Still, the first approach to relieving the symptoms of B.P.H., and perhaps even preventing or slowing the progression of prostatic enlargement, are focused on lifestyle changes. They include reducing overweight; minimizing liquid intake late in the day; getting regular physical activity; avoiding smoking and consumption of alcohol, caffeine and highly seasoned foods; and treating constipation.
Also helpful for men (and women) who have difficulty fully emptying their bladder and soon have to return to the bathroom is a technique called double-voiding. After urinating normally, wait about 20 to 30 seconds and try again. Men are likely to have more success emptying their bladders by sitting on the toilet and leaning forward instead of standing.
The traditional “gold standard” remedy for B.P.H. known as TURP, for transurethral resection of the prostate, involves inserting a scope through the penis and cutting away excess prostate tissue to relieve pressure on the urethra. Though TURP is the most effective remedy for troublesome B.P.H., in addition to causing sexual complications, this surgery incurs a risk of bleeding that limits its usefulness for men like Mr. Goldman who take anticoagulants.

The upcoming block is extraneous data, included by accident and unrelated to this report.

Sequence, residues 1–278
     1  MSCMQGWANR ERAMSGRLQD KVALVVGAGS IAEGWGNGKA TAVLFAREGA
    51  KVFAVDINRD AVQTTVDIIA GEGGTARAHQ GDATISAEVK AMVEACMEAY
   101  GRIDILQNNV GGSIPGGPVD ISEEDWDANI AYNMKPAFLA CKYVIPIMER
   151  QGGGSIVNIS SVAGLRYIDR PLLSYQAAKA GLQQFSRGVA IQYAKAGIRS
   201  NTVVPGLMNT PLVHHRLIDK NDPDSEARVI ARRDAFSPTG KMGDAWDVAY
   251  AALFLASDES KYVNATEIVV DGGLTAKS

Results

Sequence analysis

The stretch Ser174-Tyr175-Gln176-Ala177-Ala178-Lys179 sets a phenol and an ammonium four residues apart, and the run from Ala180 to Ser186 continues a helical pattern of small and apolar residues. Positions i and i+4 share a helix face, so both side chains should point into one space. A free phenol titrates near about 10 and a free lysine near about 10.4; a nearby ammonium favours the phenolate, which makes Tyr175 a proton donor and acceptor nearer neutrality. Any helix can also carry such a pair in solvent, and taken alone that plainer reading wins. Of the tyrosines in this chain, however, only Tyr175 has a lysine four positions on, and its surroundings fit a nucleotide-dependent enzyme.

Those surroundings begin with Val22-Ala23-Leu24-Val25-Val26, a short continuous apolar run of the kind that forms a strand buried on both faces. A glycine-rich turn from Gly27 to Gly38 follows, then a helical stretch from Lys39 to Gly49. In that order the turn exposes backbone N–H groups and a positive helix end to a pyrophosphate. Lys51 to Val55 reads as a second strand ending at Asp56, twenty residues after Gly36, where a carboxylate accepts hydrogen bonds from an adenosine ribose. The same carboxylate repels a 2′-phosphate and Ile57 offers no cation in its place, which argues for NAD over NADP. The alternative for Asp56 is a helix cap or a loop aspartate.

In a less invasive version of TURP with fewer complications, a bipolar current is used to ream out the prostate. Another minimally invasive technique, called HoLEP, uses laser irradiation to remove excess tissue.
Experts say that aggressive surgical treatment like TURP should now be necessary to treat an enlarged prostate only in certain circumstances. These might include inadequate kidney function, recurrent urinary tract infections, bladder stones, blood in the urine, or the patient’s unwillingness to take a daily medication or failure to get relief through drugs.
Among currently preferred treatments are several categories of drugs, including alpha-blockers like Flomax, 5ARIs like finesteride, and PDE5 inhibitors like tadalafil. There is also a combination drug of an alpha-blocker and a 5ARI that is said to work better than either one alone. While the sexual side effects of surgery are usually permanent, if such effects are caused by a medication, they can be reversed by stopping the drug and perhaps switching to another one.
There are also now minimally invasive techniques to reduce the pressure exerted on the urethra by an enlarged prostate. In one, called the UroLift System, a telescope-like instrument is inserted through the penis and one or more small bands are inserted to retract the part of prostate that is pressing on the urethra. It is usually done in a urologist’s office as an outpatient procedure under local anesthesia and is supposed to result in immediate symptom relief with minimal risk of sexual side effects.